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Rationally Speaking is a blog maintained by Prof. Massimo Pigliucci, a philosopher at the City University of New York. The blog reflects the Enlightenment figure Marquis de Condorcet's idea of what a public intellectual (yes, we know, that's such a bad word) ought to be: someone who devotes himself to "the tracking down of prejudices in the hiding places where priests, the schools, the government, and all long-established institutions had gathered and protected them." You're welcome. Please notice that the contents of this blog can be reprinted under the standard Creative Commons license.

Thursday, September 01, 2005

The Dalai Lama and neurobiology

OK, this is a though one for me. There has been a recent controversy about which I can't make up my mind, so I'll just put the arguments out there and wait for feedback.

The Dalai Lama has been invited to give a talk at the annual meeting of the Society for Neuroscience, on the topic of meditation. Some scientists members of the society have complained about it and started a petition (500 signatures) to ask the president of the Society to cancel the talk (details in Nature 436, 452: 2005, and Nature 436, 1071: 2005).

Here are the arguments pro and con:

* Con: the Dalai Lama is not a scientist, and even though neurobiological research has been done on the practice of meditation, the DL has nothing to say on the matter to scientists. Moreover, there is a real possibility the DL could use the platform to spread religious ideas with the implicit imprimatur of a scientific society, which raises all sorts of questions of professional ethics.

* Pro: the lecture is part of a series called "dialogues between neuroscience and society," and certainly scientists do need to dialogue with society at various levels and for a variety of pretty obvious reasons.

I can see both points of view. The president of the Society, incidentally, rejected the petition and decided to keep the lecture as scheduled.

One interesting addendum on the Dalai Lama as a figure in Tibetan history and religion. A new DL gets chosen, after the previous one dies, on the basis of the possibility that the old one reincarnates into the new one. How this possibility is actually assessed is a matter for a small group of Buddhist monks to decide, but it must be an empirically challenging task.

The interesting bit is this: currently, Tibet is under the political and military control of China. This raises the possibility that the Chinese will get to influence the choice of the next DL, once the current one dies. The current DL (the same person who will speak at the meeting of the Society for Neuroscience) has publicicly stated that he would never be reborn inside territory controlled by China, and in fact -- if the Chinese piss him off enough (not his exact words) -- he might decide to never been reborn, period. Take that, Chinese commies.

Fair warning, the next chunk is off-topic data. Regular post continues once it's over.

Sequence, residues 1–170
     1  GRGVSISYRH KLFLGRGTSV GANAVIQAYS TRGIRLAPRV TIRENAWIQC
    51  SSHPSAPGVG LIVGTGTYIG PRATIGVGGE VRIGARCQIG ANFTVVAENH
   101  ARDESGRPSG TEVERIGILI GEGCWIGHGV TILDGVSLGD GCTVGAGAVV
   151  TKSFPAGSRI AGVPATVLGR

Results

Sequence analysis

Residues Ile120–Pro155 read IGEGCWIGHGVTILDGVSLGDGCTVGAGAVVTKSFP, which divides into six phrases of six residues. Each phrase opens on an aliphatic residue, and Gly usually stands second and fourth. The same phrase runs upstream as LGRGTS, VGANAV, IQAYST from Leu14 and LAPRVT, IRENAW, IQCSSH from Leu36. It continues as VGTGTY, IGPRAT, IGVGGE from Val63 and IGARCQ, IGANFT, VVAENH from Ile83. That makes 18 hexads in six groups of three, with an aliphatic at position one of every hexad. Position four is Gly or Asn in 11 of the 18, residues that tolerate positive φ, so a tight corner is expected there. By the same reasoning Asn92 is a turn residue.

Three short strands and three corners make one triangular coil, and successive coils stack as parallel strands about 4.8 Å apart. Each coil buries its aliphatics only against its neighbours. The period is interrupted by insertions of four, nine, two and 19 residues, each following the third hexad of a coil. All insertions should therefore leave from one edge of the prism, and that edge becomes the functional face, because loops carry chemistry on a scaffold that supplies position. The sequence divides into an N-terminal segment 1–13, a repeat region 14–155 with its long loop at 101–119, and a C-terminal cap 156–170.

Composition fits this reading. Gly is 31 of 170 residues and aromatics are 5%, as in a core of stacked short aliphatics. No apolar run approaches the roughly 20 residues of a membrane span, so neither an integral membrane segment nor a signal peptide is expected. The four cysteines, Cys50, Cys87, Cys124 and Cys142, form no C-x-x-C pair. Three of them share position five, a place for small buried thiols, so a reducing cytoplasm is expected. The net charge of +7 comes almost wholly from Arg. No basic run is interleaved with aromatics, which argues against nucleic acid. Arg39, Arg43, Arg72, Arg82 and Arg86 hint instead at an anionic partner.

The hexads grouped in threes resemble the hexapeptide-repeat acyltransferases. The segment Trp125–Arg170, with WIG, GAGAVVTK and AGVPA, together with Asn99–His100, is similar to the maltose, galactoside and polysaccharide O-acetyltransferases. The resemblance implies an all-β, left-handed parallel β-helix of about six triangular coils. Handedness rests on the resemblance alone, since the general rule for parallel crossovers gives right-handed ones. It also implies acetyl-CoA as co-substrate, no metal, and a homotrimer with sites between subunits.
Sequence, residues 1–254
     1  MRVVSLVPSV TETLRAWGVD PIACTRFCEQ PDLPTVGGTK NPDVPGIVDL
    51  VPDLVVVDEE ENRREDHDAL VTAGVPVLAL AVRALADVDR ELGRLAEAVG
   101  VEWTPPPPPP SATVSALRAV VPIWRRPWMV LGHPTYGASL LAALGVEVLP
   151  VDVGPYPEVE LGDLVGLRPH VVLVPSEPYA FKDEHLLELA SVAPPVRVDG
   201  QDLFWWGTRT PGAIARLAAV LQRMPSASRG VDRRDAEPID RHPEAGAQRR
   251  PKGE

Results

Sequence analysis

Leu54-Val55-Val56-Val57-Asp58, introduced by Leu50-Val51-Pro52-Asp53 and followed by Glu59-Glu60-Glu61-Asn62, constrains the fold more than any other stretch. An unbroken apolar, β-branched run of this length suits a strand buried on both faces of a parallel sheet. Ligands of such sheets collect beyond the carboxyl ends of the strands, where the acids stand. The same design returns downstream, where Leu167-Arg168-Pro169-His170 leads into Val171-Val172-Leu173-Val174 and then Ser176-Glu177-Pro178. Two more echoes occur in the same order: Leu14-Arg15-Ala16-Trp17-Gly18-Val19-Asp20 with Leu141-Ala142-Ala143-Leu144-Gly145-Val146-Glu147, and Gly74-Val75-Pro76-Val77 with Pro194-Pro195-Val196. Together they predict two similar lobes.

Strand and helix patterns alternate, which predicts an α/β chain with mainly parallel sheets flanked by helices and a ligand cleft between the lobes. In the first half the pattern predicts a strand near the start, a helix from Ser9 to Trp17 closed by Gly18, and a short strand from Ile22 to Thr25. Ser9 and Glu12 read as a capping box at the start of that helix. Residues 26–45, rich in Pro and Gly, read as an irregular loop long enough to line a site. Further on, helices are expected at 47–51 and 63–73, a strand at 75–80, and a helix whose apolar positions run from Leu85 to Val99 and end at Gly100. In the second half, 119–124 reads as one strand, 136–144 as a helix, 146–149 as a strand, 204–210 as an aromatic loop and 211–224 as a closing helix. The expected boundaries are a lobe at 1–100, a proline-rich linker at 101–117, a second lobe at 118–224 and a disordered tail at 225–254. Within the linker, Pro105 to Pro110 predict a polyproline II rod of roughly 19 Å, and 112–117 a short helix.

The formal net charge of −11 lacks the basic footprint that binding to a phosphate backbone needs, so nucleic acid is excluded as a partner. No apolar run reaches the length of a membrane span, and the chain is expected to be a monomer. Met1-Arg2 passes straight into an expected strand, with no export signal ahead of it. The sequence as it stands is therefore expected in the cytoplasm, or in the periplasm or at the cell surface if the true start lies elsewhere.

Now, some of the neuroscientists who sign the petition might want to ask His Holiness how the hell is he going to control whether and how to reincarnate. Inquiring minds want to know.


  1. Who better to speak about meditation than the Dalai Lama. So he tries to throw a little religion into the mix. That should be easy to spot and disregard for a group of scientists.

    However if he were speaking to a bunch of snake handling fundies from the Bug Tussle Church of the Bad Ass Viper you just might have a problem.

    As far as him deciding whether or not to be re-incarnated - all things are possible if you have "faith". Yeah, right!

  2. This really is a nice dilemma you’ve presented. I’m trying to figure out where recent solutions to the problem of demarcation lead us. According to S. J. Gould’s NOMA, the DL should speak in a neighbouring conference room that real scientists should not enter. This may result in a drastic change of spending the annual science budget. According to Popper the real scientists should attend the meeting and falsify the arguments that are presented by the DL. If there are no arguments, assertions or the like, there is no problem and the DL can speak freely. But of course, all this is just my own thought experiment really.

    I agree with Dennis that there is some weakness in banning the DL. It’s as if scientists can’t distinguish science from magical claims. It should be regarded as a tribute to the unbelievable powers of the human mind, it should not be judged on it’s scientific content.

  3. Just out of curiosity, did Sam Harris have anything to do with getting the Dalai Lama on the program? According to his website, he's "completing a doctorate in neuroscience." He wrote End of Faith, which purports to be an attack on religion, but in the end makes a big evangelistic push for Buddhism. He says there is evidence for reincarnation that "mainstream science" is ignoring, and speculates that consciousness predates matter! I can't imagine anyone else thinking it appropriate to give the Dalai Lama the platform in a Society for Neuroscience meeting.


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